Stein follows Trim’s lead, and delivers a fierce, reverberating solo. At the opposite point of the spectrum is “Hanaikada,” a gentle and slightly swerving cut which seems to be a tribute to a popular Japanese tourist area near Kyoto. The veering “Kanzemizu” (the second-longest track) evokes swirling Japanese kimono patterns which often make use of watery, rippling designs. This 7:35 conception is all sharp guitar slashes, bumpy sax gusts, and a nearly hidden lyricism which is concealed beneath a hard-hitting veneer of rock-hued electric guitar, bashing drums and percussion, and blowing horns. The Only Way to Float Free concludes with the only cover, an interpretation of “Kojo No Tsuki,” a 1901 song also known as “The Moon over the Ruined Castle,” which Japanese middle school students are familiar with. Hanami melds new jazz with older jazz on this version, forging a link from past to present. Gene Krupa and Arthur Lyman also recorded this composition. Jazz fans may recognize it, since Thelonious Monk did an arrangement of this as “Japanese Folk Song” on his 1967 LP Straight, No Chaser.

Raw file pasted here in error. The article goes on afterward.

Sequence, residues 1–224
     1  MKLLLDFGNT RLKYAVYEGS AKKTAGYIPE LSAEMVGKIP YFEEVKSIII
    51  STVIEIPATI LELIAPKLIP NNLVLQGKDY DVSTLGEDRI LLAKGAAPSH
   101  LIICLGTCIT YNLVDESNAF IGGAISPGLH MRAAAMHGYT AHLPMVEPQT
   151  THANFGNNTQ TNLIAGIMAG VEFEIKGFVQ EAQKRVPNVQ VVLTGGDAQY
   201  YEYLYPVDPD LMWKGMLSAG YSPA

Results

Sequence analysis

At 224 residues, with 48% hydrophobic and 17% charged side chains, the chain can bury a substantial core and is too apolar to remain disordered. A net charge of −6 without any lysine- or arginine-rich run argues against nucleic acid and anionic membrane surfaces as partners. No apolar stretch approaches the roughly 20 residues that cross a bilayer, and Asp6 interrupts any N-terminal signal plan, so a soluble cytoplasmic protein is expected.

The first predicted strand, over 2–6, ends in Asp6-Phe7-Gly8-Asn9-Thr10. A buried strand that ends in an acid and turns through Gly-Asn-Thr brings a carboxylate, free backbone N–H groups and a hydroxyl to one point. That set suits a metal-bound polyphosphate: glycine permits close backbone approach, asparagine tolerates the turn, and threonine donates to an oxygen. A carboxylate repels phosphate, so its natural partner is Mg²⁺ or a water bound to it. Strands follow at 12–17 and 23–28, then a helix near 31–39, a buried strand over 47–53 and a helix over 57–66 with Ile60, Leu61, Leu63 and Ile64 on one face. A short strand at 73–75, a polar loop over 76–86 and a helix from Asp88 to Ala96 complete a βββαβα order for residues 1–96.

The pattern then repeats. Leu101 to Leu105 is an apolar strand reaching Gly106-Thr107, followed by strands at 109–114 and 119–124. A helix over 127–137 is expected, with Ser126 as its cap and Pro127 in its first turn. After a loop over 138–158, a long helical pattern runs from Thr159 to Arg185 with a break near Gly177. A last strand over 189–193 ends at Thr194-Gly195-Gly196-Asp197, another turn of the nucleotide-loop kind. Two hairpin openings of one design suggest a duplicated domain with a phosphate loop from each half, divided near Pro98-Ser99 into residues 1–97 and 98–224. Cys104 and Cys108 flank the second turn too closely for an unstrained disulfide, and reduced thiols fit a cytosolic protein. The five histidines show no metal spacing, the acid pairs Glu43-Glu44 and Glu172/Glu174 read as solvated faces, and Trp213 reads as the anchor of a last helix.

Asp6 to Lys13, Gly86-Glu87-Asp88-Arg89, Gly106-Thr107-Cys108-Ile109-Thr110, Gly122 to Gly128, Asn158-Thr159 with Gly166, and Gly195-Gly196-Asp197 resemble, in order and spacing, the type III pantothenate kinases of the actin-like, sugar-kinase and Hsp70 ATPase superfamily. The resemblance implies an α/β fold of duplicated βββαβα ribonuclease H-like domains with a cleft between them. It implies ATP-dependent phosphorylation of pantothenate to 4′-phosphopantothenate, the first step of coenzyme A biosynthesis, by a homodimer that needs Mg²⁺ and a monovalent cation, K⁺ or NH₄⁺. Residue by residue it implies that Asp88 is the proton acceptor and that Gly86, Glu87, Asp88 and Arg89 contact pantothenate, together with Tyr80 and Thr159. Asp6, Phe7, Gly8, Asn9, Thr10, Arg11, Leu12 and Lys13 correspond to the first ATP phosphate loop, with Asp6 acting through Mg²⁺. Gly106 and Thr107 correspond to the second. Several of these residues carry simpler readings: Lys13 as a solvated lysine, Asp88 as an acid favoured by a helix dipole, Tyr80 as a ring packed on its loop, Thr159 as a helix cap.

The Only Way to Float Free is unique in a few ways. There is no bass player. This means Trim is more expressive and he sometimes does things which are different than a typical guitar in a jazz setting. Trim states, “I wanted [the guitar] to sound raucous and jangly and crazy, so I used more pedals and really pushed the amps.” The absence of bass also offered an opportunity for the other instrumentalists. For instance, Rumback tuned his drums lower than his normal set up. The horns, at times, also employ lower notes. The Only Way to Float Free was recorded in a conspicuous fashion which accentuates the band’s auditory attitude. The album was tracked straight to analog tape, which let the group utilize the older sonic characteristics on pre-digital studio gear with tubes and a bit of tape machine noise. Instead of fighting against possible distortion, they embraced it. Trim explains, “When you’re playing really loud, you can actually push the boundaries of the tape itself. This makes the sound a little more deteriorated.” This is most prominent during the more unruly cuts, such as “Kita Nagano Motorcycle Gang,” where the forceful electric guitar has a more rock-based than jazz-grounded sound quality which some jazz fans might find too rough. [Amazon only has this on MP3 at this time.]
TrackList: The Only Way to Float Free; Shira Ito No Taki; Donmai!; Kita Nagano Motorcycle Gang; Hanaikada; Kanzemizu; Kojo No Tsuki.